Saturday 10 a.m. to 3 p.m.
On adoption, pets receive a checkup, are spayed or neutered, vaccinated and micro-chipped. Each adoption also comes with 30-day risk-free pet insurance. For more information, call Animal Services at (941) 742-5933.
Update 1/25/15: Edward Dunham, the licensed veterinarian listed as the director of veterinary medicine at Napier's, was also charged in the case, but will not go to trial after entering into a pre-trial diversion contract. If he completes all the requirements during his 12 months of supervision, the state will drop the charges against him. Dunham, charged with one count of aggravated animal cruelty, was forced to surrender all his licenses to practice veterinarian medicine.
The State Attorney's Office offered Dunham pre-trial diversion after consulting with law enforcement, Franzen said.
Update 1/27/15: Nearly a year to the day after Manatee County Sheriff's deputies removed more than 300 dogs, cats and horses from an animal sanctuary, the owners go on trial for animal abuse and fraud.
The state warned a six-member jury of what Manatee County Sheriff deputies found the day they entered the Napier's animal sanctuary on February 5th, 2014.
"The veterinarian could tell the dog was positive for tapeworms in an external examination because they were coming out of its body," state prosecutor Garrett Franzen said to the jury. Franzen then told the jury of another dog, "You'll will see a dog with an open wound on its body, underweight, and covered in flees -- suffering."
The jury first heard from state witness
Major Connie Shingledecker. "The dogs were in bad shape," she said.
Shingledecker narrated an hour-long video of what she and deputies found when
they entered Napier's' home wearing haz-mat suits -- getting emotional at times.
Shingledecker's recalled the smell as an, "overpowering smell of ammonia, extremely strong, and feces."
The video showed filth,
trash, clutter and roach infestations. Deputies found 26 dogs inside the home
and multiple animals stacked in wire cages. "There was no water inside
bowls in the crates. They were bone dry," Shingledecker said. Dozens of
cats were found outside in pens and there were horses. "They were very
thin, their hips sticking out," says Shingledecker.
Photo's courtesy of WTSP TV 10
The Napier's have also been charged with fraud, using money meant for the animals. "You'll hear about thousands of dollars on personal purchases spent on cruise vacations," said Franzen.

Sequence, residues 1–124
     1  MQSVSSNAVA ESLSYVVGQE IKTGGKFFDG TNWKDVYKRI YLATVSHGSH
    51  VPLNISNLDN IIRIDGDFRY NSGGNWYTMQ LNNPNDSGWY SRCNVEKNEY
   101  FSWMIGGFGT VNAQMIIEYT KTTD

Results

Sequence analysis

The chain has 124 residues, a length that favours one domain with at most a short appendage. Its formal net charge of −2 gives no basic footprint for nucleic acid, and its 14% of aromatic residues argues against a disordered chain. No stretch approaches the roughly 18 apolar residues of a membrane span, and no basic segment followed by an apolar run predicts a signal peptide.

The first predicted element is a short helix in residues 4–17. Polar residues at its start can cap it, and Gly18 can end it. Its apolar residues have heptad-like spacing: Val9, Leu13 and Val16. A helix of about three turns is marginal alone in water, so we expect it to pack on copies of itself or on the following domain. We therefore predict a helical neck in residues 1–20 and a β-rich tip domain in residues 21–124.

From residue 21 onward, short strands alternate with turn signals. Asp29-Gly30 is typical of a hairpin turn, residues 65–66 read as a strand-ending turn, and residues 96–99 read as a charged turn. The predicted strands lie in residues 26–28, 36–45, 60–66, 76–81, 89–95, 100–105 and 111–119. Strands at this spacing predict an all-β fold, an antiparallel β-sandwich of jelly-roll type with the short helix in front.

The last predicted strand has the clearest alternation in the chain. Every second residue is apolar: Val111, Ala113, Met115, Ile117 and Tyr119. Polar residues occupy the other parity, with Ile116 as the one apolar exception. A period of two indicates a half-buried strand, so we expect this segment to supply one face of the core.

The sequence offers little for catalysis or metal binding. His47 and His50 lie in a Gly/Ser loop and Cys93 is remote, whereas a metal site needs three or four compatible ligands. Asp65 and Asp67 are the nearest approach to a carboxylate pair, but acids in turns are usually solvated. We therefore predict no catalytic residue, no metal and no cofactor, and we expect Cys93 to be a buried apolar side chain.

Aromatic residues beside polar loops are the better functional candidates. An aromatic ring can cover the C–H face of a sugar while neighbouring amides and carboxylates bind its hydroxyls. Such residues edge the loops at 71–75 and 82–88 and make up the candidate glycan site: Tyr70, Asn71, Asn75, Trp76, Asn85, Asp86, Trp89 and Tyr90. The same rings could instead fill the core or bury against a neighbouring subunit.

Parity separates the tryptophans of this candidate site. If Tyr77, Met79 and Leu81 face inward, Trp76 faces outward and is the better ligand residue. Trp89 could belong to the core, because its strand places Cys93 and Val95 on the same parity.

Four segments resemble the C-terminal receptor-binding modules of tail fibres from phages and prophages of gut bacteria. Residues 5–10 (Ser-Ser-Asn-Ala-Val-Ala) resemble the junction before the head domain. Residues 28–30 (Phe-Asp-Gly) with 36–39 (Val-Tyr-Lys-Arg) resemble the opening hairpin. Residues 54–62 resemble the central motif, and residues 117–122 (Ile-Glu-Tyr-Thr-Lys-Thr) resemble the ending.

Alan Napier's attorney waived opening statements, but Sheree Napier's attorney, public defender Jennifer Joynt-Sanchez, spoke to the jury. "Sheree Napier loves animals. It was her dream to open a place to save dogs from being euthanized." Joynt-Sanchez said Sheree saved hundreds of dogs, but the state argued many were neglected -- even died. "They were taking people's money, not doing what they said they would do, and ultimately the victims were the animals that suffered on that property," Franzen argued.
The trial is expected to last into next week.
Update 1/31/15: Day four of the Napier animal cruelty trial
A state official testified Friday that Alan and Sheree Napier were not registered as a charity for eight months before their animal shelter was raided, although they accepted donations during that time period. Alan Napier, 52, and Sheree Napier, 46, each face one count of scheming to defraud; one of soliciting to defraud; 10 counts of aggravated animal cruelty; and one count of animal cruelty. If convicted, the Napier's face a minimum of three years in prison up to 85 years. They currently are free on bond.
Amy Topol, the assistant director at the Florida Department of Agriculture and Consumer Services, testified, saying the Napier's' status as a charity expired in July 2013 when they did not renew it. That means they could not legally solicit contributions during that time period. Alan Napier tried to renew it in January 2014, Topol said, and the request was pending when the Napier's Log Cabin Horse and Animal Sanctuary on State Road 64 East was raided by law enforcement on February 5th, 2014. The renewal request was denied after the raid. State officials cited the couple for seeking contributions while they were not registered and soliciting contributions under false pretenses as reasons for the denial.
Nicki Rae Madalina, a resident of St. Petersburg and a frequent donor to the Napier's, testified after Topol. She said she had made two donations of $25 to the Napier's between July 2013 and January 2014, when they were not registered as a charity. "Would you have donated to the Napier's if you knew these animals were purchased from shelters for resale?" Brian Iten, a prosecutor in the case, asked Madalina. "No, I would not have," Madalina replied.